Did you know…that the Yankee Ferry is one of the last surviving Ellis Island ferries?
Built in 1907, the Yankee Ferry was created as a luxury steamboat for the Casco Bay Lines in Portland, Maine. Originally deemed the Machigonne, the name given to Portland by the natives who first settled there, the $75,000 luxury ferry once represented a rarity in nautical travel, adorned with red carpets, Spanish leather, mahogany staircases, and gleaming brass fixtures.
Until 1917, the upscale cruiser ferried passengers to Maine's Calendar Islands, after which the United States Army appropriated the ship and replaced its amenities with artillery, including cannons and machine guns, to patrol the Boston Harbor during World War I. The Hook Mountain, as it came to be known, remained in active military duty until 1919, when it was adopted to serve as a Provincetown-Boston Ferry.
In 1921, the ferry relocated to the New York Harbor and became an Ellis Island transfer boat, shuttling passengers between Ellis Island and Lower Manhattan. During its eight-year stint, the boat transported thousands of early-20th-century immigrants to the United States. In 1929, the ferry took on another historic role, operating under the McAllister Navigation Company as one of the earliest Statue of Liberty tour boats.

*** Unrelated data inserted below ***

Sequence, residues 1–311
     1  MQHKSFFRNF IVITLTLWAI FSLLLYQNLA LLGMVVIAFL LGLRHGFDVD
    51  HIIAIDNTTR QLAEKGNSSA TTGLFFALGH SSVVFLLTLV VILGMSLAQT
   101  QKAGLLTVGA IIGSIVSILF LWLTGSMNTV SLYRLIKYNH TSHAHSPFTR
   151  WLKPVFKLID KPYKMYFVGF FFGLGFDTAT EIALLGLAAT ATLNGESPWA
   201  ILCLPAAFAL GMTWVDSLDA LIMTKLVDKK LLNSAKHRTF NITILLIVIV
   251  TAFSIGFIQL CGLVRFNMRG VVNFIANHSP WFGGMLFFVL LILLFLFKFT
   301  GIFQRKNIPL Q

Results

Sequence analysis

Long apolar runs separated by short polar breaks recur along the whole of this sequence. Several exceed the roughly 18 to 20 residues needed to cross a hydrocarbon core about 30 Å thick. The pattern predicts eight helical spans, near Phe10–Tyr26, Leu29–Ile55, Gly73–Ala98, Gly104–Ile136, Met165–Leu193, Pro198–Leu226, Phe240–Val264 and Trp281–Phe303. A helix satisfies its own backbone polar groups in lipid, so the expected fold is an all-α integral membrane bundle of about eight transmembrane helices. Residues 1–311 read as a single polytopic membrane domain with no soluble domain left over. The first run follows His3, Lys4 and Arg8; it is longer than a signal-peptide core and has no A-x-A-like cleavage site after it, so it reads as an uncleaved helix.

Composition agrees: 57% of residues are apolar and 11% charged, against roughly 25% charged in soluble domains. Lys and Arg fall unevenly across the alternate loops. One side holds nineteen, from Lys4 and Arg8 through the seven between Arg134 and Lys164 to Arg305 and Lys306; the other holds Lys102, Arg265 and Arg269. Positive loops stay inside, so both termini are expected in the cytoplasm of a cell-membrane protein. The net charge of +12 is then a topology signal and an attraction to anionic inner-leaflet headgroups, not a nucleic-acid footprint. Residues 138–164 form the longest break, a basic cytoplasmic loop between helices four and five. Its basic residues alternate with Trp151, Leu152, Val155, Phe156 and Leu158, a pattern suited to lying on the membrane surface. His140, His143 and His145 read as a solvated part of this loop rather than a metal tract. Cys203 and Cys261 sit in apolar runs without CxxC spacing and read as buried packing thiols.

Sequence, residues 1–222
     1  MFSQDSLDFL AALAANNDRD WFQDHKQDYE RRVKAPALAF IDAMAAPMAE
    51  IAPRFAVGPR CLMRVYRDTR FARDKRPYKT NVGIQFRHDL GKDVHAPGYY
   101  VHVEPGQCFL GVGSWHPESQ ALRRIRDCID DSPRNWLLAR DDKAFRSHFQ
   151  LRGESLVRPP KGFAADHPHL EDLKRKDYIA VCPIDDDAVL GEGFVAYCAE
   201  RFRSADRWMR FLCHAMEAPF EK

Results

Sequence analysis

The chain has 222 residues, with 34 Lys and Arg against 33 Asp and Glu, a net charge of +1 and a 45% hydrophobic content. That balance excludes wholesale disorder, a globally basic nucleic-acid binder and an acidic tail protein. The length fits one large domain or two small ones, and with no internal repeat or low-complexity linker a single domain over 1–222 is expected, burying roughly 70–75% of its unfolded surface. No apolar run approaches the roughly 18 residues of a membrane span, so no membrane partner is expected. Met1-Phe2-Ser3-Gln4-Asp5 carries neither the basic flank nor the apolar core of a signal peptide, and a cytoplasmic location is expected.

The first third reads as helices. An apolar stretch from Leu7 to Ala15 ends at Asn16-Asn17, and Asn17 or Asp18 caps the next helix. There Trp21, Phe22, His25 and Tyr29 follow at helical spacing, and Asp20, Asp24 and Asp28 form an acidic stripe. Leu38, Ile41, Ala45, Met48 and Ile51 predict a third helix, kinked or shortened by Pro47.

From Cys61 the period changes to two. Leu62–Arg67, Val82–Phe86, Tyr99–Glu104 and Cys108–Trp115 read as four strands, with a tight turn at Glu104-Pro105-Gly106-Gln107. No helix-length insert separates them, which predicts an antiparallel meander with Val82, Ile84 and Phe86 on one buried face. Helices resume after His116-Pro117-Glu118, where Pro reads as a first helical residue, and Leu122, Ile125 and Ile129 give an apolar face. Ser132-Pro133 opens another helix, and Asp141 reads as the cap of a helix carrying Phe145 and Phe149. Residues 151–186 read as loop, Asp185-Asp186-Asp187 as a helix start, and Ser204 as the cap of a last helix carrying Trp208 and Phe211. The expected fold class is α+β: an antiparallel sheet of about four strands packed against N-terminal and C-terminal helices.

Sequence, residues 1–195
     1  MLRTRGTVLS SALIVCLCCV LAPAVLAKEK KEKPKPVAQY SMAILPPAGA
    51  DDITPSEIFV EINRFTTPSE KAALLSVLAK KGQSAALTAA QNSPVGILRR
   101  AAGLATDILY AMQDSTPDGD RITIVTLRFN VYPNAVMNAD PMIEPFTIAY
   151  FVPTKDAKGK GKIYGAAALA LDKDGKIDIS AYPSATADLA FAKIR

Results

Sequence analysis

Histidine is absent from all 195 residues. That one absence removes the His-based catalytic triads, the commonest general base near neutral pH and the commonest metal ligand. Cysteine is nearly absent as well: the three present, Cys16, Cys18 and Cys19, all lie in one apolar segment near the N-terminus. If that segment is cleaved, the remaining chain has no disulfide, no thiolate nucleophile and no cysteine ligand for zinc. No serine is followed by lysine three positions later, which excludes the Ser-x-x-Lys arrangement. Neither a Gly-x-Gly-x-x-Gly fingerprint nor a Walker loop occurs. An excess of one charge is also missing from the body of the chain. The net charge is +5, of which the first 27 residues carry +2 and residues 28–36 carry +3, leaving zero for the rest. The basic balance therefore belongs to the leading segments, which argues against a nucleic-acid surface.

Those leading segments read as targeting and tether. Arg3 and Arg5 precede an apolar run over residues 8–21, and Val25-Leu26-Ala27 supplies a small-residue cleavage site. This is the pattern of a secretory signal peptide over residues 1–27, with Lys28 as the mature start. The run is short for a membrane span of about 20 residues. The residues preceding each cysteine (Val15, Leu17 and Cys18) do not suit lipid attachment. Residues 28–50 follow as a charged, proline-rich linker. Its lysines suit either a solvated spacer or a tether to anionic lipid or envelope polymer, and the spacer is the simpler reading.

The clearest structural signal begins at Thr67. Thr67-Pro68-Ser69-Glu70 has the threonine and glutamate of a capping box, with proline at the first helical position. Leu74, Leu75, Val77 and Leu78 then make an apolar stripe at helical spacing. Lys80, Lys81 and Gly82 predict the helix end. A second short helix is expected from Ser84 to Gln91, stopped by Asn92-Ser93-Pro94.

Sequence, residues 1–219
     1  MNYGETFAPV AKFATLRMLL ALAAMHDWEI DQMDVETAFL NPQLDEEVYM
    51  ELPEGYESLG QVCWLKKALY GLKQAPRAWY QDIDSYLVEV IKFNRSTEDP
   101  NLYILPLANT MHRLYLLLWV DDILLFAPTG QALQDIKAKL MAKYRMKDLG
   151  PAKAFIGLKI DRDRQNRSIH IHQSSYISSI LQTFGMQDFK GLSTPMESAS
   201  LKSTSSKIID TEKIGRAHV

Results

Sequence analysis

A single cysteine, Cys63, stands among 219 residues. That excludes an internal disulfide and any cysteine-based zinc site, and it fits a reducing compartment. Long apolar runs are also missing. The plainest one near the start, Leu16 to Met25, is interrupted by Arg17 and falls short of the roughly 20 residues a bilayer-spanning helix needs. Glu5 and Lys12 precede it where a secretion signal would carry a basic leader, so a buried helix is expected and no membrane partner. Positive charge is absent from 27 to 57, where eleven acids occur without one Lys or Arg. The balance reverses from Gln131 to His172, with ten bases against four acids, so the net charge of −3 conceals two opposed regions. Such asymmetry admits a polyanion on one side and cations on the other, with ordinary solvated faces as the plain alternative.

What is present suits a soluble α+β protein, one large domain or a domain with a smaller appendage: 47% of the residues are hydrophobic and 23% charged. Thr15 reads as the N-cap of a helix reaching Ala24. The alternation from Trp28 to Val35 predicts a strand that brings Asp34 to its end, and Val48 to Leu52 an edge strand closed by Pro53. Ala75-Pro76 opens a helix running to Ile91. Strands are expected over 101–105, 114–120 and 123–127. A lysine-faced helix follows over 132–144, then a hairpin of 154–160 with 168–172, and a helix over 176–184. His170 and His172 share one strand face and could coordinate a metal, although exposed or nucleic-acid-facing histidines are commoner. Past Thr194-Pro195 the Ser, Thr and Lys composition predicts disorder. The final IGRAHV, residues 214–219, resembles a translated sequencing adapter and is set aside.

Again called to duty by the U.S. Navy to transport troops around Philadelphia and the Delaware River during World War II in 1942, the aging ferry was officially christened the Yankee in 1947 and retired to Block Island, Rhode Island. Run by the Interstate Navigation Company, the ferry ran regular shuttle routes between the island and Providence for the next 36 years.
After a series of owners -- and a series of mishaps, including a near fatal collision with an oil platform along the shore of Long Island -- the historic, and then dilapidated, vessel was abandoned and sent to a New London, Connecticut, boatyard for scrap in 1983.
In 1990, antique dealer Jimmy Gallagher saved the tattered -- and by then vandalized -- Yankee and towed it to Lower Manhattan's Pier 25 in Tribeca. Over the next 13 years, Gallagher lived on the boat, working to restore it to its near original condition. His labor earned the fragile, 137-foot ferry an entry on the National Historic Register before it was sold in 2003.
Today, cared for by current owners Richard and Victoria MacKenzie-Childs, the Yankee remains under constant renovation and supervision. As of April 2005, the Yankee retains its residence at Tribeca's Pier 25 near North Moore Street, but its owners are eagerly searching for a new downtown home for the ferry once the development of the Hudson River Park, which will encompass the older pier, displaces the ferry from its current location.